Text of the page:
• 7. to clinicians. The use of the term “Atypical” or “Indeterminate” as a stand alone diagnosis is not recommended. Their meanings are not standardized and may be interpreted in different ways. Close cooperation between pathologists and clinicians is essential, so that the terminology used in the report and its clinical implications are clearly defined. References 1. Geisinger K. Modern Cytopathology. Philadelphia, Pennsylvania: Churchill Livingstone, 2004. 2. Clary KM, Condel JL, Liu Y, Johnson DR, Grzybicki DM, Raab SS. Interobserver variability in the fine needle aspiration biopsy diagnosis of follicular lesions of the thyroid gland. Acta Cytol 2005;49(4):378-82. 3. Stelow EB, Bardales RH, Crary GS, Gulbahce HE, Stanley MW, Savik K, et al. Interobserver variability in thyroid fine-needle aspiration interpretation of lesions showing predominantly colloid and follicular groups. Am J Clin Pathol 2005;124(2):239-44. 4. Yang GC, Liebeskind D, Messina AV. Should cytopathologists stop reporting follicular neoplasms on fine-needle aspiration of the thyroid? Cancer 2003;99(2):69-74. 5. Biscotti CV, Hollow JA, Toddy SM, Easley KA. ThinPrep versus conventional smear cytologic preparations in the analysis of thyroid fine-needle aspiration specimens. Am J Clin Pathol 1995;104(2):150-3. 6. Kini SR, Miller JM, Hamburger JI, Smith-Purslow MJ. Cytopathology of follicular lesions of the thyroid gland. Diagn Cytopathol 1985;1(2):123-32. 7. Rout P, Shariff S. Diagnostic value of qualitative and quantitative variables in thyroid lesions. Cytopathology 1999;10(3):171-9. 8. Barbaro D, Simi U, Lopane P, Pallini S, Orsini P, Piazza F, et al. Thyroid nodules with microfollicular findings reported on fine-needle aspiration: invariably surgical treatment? Endocr Pract 2001;7(5):352-7. 9. Ersoz C, Firat P, Uguz A, Kuzey GM. Fine-needle aspiration cytology of solitary thyroid nodules: how far can we go in rendering differential cytologic diagnoses? Cancer 2004;102(5):302-7. 10. Goldstein RE, Netterville JL, Burkey B, Johnson JE. Implications of follicular neoplasms, atypia, and lesions suspicious for malignancy diagnosed by fine-needle aspiration of thyroid nodules. Ann Surg 2002;235(5):656-62; discussion 62-4. 11. Kellman A. Thyroid cytology. Thyroid 2001;11:271-77. 12. DeMay RM. The art and science of cytopathology. Chicago: ASCP Press, 1996. 13. Harach HR, Saravia Day E, Zusman SB. Occult papillary microcarcinoma of the thyroid--a potential pitfall of fine needle aspiration cytology? J Clin Pathol 1991;44(3):205-7. 14. Basu D, Jayaram G. A logistic model for thyroid lesions. Diagn Cytopathol 1992;8(1):23-7. 15. Redman R, Yoder BJ, Massoll NA. Perceptions of diagnostic terminology and cytopathologic reporting of fine-needle aspiration biopsies of thyroid nodules: a survey of clinicians and pathologists. Thyroid 2006;16(10):1003-8. Elsheikh- 7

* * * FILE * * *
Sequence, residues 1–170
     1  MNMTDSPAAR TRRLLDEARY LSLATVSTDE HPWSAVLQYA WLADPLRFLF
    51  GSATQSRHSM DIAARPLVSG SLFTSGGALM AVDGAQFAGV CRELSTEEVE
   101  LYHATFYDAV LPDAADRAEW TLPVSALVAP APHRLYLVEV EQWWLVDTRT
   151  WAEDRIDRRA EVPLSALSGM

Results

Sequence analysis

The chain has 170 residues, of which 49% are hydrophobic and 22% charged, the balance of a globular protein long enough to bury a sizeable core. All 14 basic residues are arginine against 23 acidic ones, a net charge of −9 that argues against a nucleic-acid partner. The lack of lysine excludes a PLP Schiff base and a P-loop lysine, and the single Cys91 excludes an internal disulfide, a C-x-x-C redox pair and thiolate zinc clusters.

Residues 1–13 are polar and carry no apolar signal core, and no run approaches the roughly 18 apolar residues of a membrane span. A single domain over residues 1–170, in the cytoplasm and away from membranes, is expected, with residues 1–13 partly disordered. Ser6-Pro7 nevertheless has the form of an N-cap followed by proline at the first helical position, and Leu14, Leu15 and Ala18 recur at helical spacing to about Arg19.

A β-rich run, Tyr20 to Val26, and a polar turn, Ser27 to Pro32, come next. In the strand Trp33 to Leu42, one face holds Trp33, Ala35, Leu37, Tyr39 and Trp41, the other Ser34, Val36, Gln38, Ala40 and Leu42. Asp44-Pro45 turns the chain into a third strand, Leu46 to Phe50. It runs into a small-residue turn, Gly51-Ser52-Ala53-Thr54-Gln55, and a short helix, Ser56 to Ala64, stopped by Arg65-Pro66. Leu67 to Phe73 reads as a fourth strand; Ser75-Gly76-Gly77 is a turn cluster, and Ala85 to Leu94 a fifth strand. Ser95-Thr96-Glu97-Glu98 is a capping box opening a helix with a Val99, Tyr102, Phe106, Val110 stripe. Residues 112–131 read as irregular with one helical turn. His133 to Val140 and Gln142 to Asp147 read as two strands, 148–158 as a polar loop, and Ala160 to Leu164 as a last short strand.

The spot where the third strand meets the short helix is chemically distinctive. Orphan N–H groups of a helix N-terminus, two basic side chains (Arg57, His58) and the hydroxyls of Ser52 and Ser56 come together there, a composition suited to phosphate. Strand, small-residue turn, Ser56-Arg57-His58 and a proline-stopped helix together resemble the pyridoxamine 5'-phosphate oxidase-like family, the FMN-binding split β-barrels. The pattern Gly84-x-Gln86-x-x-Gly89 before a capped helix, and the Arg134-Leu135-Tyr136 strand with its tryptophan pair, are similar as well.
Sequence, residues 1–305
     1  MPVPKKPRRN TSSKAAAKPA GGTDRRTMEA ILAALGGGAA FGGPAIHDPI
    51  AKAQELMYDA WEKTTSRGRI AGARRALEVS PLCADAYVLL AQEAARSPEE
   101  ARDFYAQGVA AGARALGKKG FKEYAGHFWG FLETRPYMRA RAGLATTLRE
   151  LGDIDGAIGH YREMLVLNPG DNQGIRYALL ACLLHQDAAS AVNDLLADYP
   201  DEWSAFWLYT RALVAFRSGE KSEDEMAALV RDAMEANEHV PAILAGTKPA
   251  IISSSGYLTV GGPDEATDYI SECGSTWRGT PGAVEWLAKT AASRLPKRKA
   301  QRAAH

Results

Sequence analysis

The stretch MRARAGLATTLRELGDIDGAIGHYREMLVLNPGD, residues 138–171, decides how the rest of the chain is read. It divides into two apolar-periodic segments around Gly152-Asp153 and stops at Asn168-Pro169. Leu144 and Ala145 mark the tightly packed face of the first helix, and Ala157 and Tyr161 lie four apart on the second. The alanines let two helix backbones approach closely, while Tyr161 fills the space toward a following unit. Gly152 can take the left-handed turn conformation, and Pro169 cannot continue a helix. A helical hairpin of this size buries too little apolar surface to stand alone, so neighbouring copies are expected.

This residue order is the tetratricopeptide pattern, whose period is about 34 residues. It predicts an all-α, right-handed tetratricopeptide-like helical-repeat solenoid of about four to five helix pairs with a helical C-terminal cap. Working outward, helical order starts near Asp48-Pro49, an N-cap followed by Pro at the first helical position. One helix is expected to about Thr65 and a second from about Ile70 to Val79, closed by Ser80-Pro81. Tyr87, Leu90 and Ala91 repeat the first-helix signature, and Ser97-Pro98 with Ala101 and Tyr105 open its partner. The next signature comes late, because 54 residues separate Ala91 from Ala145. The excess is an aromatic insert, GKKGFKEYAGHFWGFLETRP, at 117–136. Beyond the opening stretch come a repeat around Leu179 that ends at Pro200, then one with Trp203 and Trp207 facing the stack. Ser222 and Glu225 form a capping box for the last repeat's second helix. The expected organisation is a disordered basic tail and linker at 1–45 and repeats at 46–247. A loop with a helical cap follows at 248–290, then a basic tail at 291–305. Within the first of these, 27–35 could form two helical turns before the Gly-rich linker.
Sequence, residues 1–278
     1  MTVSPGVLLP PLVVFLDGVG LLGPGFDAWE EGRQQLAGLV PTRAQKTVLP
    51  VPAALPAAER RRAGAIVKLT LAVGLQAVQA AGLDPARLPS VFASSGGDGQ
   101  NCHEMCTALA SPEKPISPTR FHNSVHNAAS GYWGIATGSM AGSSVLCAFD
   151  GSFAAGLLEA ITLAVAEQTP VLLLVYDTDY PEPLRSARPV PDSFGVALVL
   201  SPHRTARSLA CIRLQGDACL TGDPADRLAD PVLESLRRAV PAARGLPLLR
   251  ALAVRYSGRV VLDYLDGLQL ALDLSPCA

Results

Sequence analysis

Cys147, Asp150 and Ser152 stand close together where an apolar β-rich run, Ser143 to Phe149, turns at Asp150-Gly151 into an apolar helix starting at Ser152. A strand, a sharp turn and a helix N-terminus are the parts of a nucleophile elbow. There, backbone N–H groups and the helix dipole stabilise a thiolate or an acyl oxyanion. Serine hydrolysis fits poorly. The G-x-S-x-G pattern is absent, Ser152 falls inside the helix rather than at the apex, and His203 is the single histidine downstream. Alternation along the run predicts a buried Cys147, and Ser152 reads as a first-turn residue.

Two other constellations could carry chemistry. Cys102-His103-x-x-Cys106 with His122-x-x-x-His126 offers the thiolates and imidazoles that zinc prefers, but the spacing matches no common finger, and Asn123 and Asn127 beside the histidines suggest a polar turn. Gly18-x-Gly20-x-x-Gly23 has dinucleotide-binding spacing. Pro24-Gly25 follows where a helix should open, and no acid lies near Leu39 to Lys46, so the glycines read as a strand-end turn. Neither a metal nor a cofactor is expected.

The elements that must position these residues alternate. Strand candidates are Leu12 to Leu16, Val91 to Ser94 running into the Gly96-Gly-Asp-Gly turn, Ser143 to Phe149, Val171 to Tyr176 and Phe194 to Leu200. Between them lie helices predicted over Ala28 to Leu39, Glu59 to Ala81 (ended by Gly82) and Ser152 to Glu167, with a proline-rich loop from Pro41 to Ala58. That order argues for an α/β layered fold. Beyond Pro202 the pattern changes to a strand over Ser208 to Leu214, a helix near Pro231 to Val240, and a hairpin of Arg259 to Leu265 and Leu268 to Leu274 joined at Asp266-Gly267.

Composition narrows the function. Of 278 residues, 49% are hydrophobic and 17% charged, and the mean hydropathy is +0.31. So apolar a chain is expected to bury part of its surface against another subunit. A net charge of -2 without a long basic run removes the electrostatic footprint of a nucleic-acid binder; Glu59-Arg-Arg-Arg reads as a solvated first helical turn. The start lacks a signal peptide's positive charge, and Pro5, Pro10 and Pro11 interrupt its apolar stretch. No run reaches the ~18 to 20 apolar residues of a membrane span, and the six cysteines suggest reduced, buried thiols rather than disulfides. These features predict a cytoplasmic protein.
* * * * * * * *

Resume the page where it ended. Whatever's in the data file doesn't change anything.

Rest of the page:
• 8. 16. Piromalli D, Martelli G, Del Prato I, Collini P, Pilotti S. The role of fine needle aspiration in the diagnosis of thyroid nodules: analysis of 795 consecutive cases. J Surg Oncol 1992;50(4):247-50. 17. Foppiani L, Tancredi M, Ansaldo GL, Ceppa P, Auriati L, Torre GC, et al. Absence of histological malignancy in a patient cohort with follicular lesions on fine- needle aspiration. J Endocrinol Invest 2003;26(1):29-34. 18. Fulciniti F, Benincasa G, Vetrani A, Palombini L. Follicular variant of papillary carcinoma: cytologic findings on FNAB samples-experience with 16 cases. Diagn Cytopathol 2001;25(2):86-93. 19. Wu HH, Jones JN, Osman J. Fine-needle aspiration cytology of the thyroid: ten years experience in a community teaching hospital. Diagn Cytopathol 2006;34(2):93-6. 20. Wu HH, Jones JN, Grzybicki DM, Elsheikh TM. Sensitive cytologic criteria for the identification of follicular variant of papillary thyroid carcinoma in fine-needle aspiration biopsy. Diagn Cytopathol 2003;29(5):262-6. 21. Logani S, Osei SY, LiVolsi VA, Baloch ZW. Fine-needle aspiration of follicular variant of papillary carcinoma in a hyperfunctioning thyroid nodule. Diagn Cytopathol 2001;25(1):80-1. 22. Baloch ZW, Fleisher S, LiVolsi VA, Gupta PK. Diagnosis of "follicular neoplasm": a gray zone in thyroid fine-needle aspiration cytology. Diagn Cytopathol 2002;26(1):41-4. 23. Greaves TS, Olvera M, Florentine BD, Raza AS, Cobb CJ, Tsao-Wei DD, et al. Follicular lesions of thyroid: a 5-year fine-needle aspiration experience. Cancer 2000;90(6):335-41. 24. Hamberger B, Gharib H, Melton LJ, 3rd, Goellner JR, Zinsmeister AR. Fine- needle aspiration biopsy of thyroid nodules. Impact on thyroid practice and cost of care. Am J Med 1982;73(3):381-4. 25. La Rosa GL, Belfiore A, Giuffrida D, Sicurella C, Ippolito O, Russo G, et al. Evaluation of the fine needle aspiration biopsy in the preoperative selection of cold thyroid nodules. Cancer 1991;67(8):2137-41. Elsheikh- 8